Shocking research reveals the impact of hunger in schools
EIGHTY THREE percent of primary school teachers say children are coming to school hungry because families cannot afford enough food – with a quarter saying children are skipping lunch entirely due to poverty, polling* released today (18 October) has revealed.
The polling of primary school teachers, carried out by Survation for the school food charity, Chefs in Schools, also heard from teachers who reported:
- Kids stealing food from classmates.
- Pupils storing food in their pockets to take home.
- 85% of the teachers said there are children who are ineligible for Free School Meals who would benefit from receiving them.
- 53% of teachers said their schools were providing a school meal for free
- 69% were offering support/advice on where to access food (such as a foodbank)
- 46% were offering food parcels
This research reignites the debate about extending eligibility for free school meals. Currently, 800,000 children at risk of going hungry are not entitled to support.
It comes as food charities and organisations including – Chefs in Schools, Jamie Oliver, the Food Foundation, Biteback 2030 and School Food Matters – have launched a joint campaign – Feed the Future – which calls on the Government to urgently extend eligibility to all children in state-funded schools in England from families in receipt of Universal Credit or equivalent benefits.
England’s school meal eligibility threshold is the most restrictive of all the devolved nations –only families who earn below £7,400 are entitled to free school meals – whereas in Scotland and Wales, free school meals are being introduced for all children at primary level, while Northern Ireland’s eligibility threshold is almost twice that of England’s at £14,000.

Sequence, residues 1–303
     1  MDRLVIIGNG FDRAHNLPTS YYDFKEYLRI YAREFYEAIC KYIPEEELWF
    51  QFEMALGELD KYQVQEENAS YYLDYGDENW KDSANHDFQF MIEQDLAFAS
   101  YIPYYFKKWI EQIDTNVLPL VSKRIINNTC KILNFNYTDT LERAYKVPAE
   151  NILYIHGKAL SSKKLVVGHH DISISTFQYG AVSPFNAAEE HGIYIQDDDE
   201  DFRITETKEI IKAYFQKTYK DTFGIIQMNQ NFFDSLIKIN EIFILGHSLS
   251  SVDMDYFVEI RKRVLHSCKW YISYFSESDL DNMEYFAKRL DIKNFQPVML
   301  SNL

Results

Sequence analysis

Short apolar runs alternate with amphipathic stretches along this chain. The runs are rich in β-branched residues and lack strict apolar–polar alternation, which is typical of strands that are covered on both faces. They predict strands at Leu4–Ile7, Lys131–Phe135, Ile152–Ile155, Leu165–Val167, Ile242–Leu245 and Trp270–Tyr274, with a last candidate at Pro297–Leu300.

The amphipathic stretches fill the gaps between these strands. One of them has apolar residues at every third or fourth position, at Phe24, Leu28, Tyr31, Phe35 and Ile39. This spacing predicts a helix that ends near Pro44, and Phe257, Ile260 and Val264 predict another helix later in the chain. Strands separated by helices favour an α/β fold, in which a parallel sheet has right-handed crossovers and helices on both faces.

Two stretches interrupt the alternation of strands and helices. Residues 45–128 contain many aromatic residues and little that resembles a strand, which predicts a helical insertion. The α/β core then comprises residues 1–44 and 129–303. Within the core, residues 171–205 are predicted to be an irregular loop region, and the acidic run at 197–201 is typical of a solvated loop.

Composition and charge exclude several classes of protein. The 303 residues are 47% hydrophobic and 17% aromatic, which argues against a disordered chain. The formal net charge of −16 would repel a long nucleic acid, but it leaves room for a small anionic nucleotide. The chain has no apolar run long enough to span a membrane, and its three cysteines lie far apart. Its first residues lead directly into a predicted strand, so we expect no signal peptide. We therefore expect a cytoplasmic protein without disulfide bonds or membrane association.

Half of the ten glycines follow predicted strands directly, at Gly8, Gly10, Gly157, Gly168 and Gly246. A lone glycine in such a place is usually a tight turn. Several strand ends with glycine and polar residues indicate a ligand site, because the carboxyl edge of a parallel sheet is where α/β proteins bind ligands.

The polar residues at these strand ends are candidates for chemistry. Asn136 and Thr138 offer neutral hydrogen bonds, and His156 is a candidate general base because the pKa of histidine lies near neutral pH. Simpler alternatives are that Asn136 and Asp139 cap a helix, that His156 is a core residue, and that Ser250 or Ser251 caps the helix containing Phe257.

Naomi Duncan, Chief Executive at Chefs in Schools, said: “This research reveals the shocking reality that teachers see daily. The situation is appalling and getting so much worse. We call on the Government to urgently extend eligibility for free school meals to all families receiving universal credit, so that support reaches the kids who need it most. The system is ready, we can implement this tomorrow.
“Schools are again on the front line, seeing the impact of more families unable to afford nutritious food. We have a free school meal system that has worked for over a hundred years to help ensure kids don’t miss out on learning due to hunger, but today England has the most restrictive criteria to access free school meals of the four nations. In addition to tackling hunger, we know that if children eat a good school lunch, their wellbeing, attainment and behaviour all improve. School meals are crucial to education. Change is needed now.”
The Survation polling also found that:
- 73% of primary school teachers said children bring packed lunches with insufficient amounts of food
- 23% said children skip lunch due to poverty
- Of the children coming to school hungry, 88% of teachers said the pupils showed excessive tiredness at school.
- 84% said the children were easily distracted in class
- 74% said they showed disruptive behaviour
- 54% said the children were anxious
Schools are having to step in and help families struggling with the cost of living crisis, subsidising meals from their own budgets.